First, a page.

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Merkel tackles Putin on democracy at frosty summit

VOLZHSKY UTYOS, Russia (Reuters) - The European Union snubbed Russian requests that the bloc rein in its eastern European members on Friday at a frosty summit that cooled ambitions for deeper EU-Russian ties.

On the day chess champion and Kremlin critic Garry Kasparov was stopped from attending a protest near the meeting, a combative Russian President Vladimir Putin rejected concerns -- including from EU leaders -- that he was rolling back democracy.

“What is pure democracy?” Putin asked a news conference at the summit venue, a holiday resort on the banks of the Volga river 1,000 km south-east of Moscow. “It is a question of ... whether you want to see the glass half full or half empty.”

As expected, the summit failed to unblock the launch of talks on an EU-Russia partnership agreement. They are stalled because of a Polish veto, part of a trade row with Russia.

Moscow had hoped the EU leadership would persuade Poland -- as well as Estonia and Lithuania which are locked in their own rows with Russia -- to moderate their stances.

Poland blocked the talks after Russia imposed a ban on imports of Polish meat. Moscow has accused Estonia of desecrating the memory of World War II victims after it moved a Soviet-era war memorial. Lithuania is unhappy that Russia has switched off an oil pipeline.

But European Commission President Jose Manuel Barroso, who with German Chancellor Angela Merkel was representing the EU at the summit, made clear the bloc was squarely behind its members.

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“We had occasion to say to our Russian partners that a difficulty for a member state is a difficulty for the whole European community,” Barroso said.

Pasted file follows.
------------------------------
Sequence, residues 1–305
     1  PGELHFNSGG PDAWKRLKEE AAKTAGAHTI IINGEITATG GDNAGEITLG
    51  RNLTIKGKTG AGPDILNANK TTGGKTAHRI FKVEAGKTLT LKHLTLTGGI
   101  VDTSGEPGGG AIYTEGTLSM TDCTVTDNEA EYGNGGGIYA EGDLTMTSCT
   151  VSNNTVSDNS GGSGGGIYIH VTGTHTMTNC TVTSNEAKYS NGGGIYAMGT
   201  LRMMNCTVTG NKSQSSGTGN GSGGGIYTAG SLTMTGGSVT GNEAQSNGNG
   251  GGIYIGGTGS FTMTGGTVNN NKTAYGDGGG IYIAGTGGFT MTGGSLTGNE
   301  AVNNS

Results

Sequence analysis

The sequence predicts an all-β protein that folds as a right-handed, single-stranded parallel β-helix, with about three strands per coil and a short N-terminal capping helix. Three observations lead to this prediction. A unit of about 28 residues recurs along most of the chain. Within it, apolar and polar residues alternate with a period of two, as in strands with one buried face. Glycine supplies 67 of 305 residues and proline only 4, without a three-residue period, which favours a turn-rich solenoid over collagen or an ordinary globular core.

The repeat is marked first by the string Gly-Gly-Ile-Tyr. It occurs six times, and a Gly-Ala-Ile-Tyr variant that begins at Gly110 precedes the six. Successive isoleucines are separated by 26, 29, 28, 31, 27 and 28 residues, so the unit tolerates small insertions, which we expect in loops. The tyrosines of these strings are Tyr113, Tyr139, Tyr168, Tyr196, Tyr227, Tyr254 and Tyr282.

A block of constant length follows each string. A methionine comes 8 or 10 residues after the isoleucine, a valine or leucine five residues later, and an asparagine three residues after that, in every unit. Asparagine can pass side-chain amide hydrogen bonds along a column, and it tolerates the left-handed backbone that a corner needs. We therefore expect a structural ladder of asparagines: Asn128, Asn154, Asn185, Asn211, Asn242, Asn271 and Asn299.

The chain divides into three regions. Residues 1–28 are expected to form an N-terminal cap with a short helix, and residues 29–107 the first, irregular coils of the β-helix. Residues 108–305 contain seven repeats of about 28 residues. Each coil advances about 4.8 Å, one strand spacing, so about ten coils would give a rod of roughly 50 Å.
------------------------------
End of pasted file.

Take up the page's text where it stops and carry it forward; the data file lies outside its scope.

“It is very important if you want to have close cooperation to understand that the EU is based on principles of solidarity.”

Putin hit back and accused some EU states -- a clear reference to Poland -- of “economic selfishness that does not always correspond to the EU’s interests.”

“We are aware of the EU position on the need for solidarity. I asked my colleagues, and they did not take offence: are there any limits to this solidarity?”


The EU is not the only Western power struggling to manage relations with an increasingly assertive Russia. Moscow has clashed with Washington over U.S. plans to place elements of a missile defense shield in eastern Europe.

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The summit highlighted that EU leaders’ vision for an ever-closer partnership with Russia based on shared values has been drowned out by differences.

The partnership treaty is stalled and Putin refuses to ratify an energy charter the EU argues is key to ensuring reliable long-term oil and gas supplies from Russia.

Officials at the summit were keen to stress the disagreements over Poland, Estonia and Lithuania were temporary, and did not affect the core of EU-Russian relations: massive trade links which are growing rapidly.

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“The existence of problems does not mean a deep, deep crisis,” Kremlin deputy spokesman Dmitry Peskov told reporters.

An EU diplomat told Reuters “the atmosphere in the talks was a lot better than the atmosphere in the press conference, certainly.”

Kasparov had planned to fly to Samara, the nearest big city to the summit, to lead a “March of Dissenters” against Putin’s rule. But airline staff told him in Moscow they could not issue him with a ticket because of a computer glitch.